Not all offices are good candidates for conversion, developers say. Steinwurtzel says he won’t consider an office building that isn’t totally vacant due to the amount of disruptive construction required. And although vacancies may be up, he says, fully empty buildings are still fairly uncommon. “Thus far, it seems that there are some opportunities, but it's not an overwhelming amount of opportunities.”
In addition, residential conversion for many buildings won’t pencil out economically. Construction and financing costs may not work if the goal of a project is market-price or affordable housing, even with tax credits and other governmental assistance. Modern office floor plates are often deeper than those in residential buildings, which require windows (in many cities, windows that open) in every bedroom. At 25 Water Street, that requires two new cores to be cut through the entirety of the building’s 22 floors.
“If you talk to a lot of developers that are experienced in ground-up construction, they consider adaptive reuse to be more complex and more difficult than just building out of the ground,” Steinwurtzel said. “Investors are going to expect a higher return because of the risk and complexity to the projects.”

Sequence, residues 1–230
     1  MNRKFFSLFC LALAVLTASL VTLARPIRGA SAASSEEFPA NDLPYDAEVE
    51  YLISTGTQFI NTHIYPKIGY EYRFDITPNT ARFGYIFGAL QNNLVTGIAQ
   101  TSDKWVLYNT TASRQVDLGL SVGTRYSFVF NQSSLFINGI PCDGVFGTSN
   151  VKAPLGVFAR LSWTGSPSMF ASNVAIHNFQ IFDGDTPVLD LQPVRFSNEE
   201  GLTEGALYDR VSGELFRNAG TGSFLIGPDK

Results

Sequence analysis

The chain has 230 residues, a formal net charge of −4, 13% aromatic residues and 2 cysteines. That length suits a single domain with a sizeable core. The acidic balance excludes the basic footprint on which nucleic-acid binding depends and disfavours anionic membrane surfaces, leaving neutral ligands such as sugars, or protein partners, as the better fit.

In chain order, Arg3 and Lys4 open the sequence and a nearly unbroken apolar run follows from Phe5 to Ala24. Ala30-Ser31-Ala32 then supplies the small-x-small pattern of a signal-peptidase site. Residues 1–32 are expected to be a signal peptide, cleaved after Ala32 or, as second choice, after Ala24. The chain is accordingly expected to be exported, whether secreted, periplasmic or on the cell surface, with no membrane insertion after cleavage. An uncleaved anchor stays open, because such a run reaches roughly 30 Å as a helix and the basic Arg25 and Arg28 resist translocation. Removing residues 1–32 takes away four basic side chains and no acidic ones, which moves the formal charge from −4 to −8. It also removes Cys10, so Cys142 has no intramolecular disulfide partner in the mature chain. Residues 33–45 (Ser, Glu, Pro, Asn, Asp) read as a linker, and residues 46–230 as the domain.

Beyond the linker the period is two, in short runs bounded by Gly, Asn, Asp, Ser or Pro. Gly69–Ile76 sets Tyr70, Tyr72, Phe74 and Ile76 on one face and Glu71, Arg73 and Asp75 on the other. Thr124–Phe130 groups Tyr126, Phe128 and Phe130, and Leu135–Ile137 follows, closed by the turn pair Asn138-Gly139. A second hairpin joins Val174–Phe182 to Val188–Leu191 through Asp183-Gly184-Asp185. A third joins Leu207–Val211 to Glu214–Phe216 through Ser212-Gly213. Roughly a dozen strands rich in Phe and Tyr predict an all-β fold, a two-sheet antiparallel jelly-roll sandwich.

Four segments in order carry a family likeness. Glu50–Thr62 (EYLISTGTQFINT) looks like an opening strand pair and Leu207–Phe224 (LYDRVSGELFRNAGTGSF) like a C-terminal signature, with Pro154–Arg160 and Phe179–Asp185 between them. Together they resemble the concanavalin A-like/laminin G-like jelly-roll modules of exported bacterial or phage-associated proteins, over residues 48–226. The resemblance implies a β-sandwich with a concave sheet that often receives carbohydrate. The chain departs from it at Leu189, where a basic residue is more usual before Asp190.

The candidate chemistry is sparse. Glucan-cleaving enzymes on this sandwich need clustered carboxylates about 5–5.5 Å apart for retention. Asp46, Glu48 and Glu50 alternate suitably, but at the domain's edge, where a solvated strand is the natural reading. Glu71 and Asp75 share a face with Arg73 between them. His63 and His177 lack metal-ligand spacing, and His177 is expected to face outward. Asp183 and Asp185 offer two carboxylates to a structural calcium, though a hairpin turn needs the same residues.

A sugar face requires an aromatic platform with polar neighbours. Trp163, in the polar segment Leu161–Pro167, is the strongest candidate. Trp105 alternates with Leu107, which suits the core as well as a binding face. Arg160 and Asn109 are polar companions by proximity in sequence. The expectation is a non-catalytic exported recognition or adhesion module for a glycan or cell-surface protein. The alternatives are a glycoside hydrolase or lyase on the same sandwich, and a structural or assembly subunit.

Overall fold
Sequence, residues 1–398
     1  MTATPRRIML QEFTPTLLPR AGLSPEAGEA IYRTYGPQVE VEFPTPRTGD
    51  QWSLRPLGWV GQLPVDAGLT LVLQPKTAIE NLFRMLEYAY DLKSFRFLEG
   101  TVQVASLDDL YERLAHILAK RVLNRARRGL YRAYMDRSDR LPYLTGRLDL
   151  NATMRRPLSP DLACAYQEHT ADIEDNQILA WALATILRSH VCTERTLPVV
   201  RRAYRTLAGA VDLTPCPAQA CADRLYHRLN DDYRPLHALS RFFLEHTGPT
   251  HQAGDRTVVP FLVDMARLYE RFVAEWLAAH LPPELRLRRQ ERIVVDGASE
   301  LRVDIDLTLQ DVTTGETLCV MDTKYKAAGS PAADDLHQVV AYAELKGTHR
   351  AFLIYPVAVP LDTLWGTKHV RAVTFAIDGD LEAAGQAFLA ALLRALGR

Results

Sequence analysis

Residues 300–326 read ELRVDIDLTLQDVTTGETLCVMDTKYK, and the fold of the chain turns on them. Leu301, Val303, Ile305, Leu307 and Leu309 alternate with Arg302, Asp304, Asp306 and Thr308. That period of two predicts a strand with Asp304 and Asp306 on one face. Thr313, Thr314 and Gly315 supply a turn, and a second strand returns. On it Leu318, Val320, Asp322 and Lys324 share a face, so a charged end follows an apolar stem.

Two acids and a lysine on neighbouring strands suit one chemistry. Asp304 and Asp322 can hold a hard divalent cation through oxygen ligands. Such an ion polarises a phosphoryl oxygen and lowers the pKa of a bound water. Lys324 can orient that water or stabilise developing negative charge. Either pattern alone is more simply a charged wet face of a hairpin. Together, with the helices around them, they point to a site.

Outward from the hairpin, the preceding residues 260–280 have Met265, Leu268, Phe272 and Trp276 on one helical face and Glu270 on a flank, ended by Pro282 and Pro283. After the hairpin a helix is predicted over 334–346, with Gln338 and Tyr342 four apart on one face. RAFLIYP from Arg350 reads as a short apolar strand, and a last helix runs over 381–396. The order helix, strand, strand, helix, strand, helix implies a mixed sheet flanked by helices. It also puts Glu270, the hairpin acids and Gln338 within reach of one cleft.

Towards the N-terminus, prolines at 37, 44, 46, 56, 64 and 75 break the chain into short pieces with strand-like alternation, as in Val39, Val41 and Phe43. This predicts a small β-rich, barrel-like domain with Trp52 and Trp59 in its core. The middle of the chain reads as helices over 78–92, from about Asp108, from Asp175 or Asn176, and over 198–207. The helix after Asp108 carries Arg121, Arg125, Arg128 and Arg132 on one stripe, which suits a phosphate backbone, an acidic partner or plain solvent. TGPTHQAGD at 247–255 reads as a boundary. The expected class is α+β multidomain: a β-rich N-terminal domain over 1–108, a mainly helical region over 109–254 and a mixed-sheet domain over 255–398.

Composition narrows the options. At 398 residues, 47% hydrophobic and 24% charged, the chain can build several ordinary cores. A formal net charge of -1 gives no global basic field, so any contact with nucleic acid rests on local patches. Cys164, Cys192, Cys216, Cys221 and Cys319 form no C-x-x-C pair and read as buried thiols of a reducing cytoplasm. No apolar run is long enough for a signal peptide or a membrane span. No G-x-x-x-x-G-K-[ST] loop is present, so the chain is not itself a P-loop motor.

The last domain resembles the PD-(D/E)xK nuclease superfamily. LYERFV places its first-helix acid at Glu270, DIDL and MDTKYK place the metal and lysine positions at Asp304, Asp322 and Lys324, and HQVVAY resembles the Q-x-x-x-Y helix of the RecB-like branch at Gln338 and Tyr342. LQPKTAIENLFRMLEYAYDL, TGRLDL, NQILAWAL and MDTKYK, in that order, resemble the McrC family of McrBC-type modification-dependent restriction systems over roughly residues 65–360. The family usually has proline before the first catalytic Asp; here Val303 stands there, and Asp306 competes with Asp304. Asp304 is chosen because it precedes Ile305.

To make a conversion to affordable housing possible, Steinwurtzel said, a local government may need to sweeten the deal with tax abatements or zoning bonuses. “There's a tremendous need for housing, especially affordable housing, and yet the economics to develop affordable housing are not there,” he said. “There are clearly investors that are willing to invest in real estate projects, but they need incentives in order to have those projects be all or partially affordable.”
In New York City’s case, the development process is made more complex because the task force recommendations require approval at the city and state levels.
Development can be controversial, which can slow projects and drive conversion projects away. “We don't go into a place where a project is going to be adversarial,” Akers said. “That's it. I'll just go find another project where people are happy that I'm coming with my money.”
And building conversions do not happen in a vacuum. An area like Midtown Manhattan may be dense with offices but does not have much in the way of supermarkets or schools — the things that make a neighborhood.
“What we found is that successful projects are actually mixed-use neighborhoods, and creating a mixed-use neighborhood is a good idea,” Steinwurzel said, pointing to changes in the Financial District over the past 30 years. Some of those [central business district] neighborhoods really are not mixed use, and I think the addition of residential to those neighborhoods will make not only the residential market better but will also make the commercial market better. I think it will go a long way to creating some of the housing that is desperately needed.”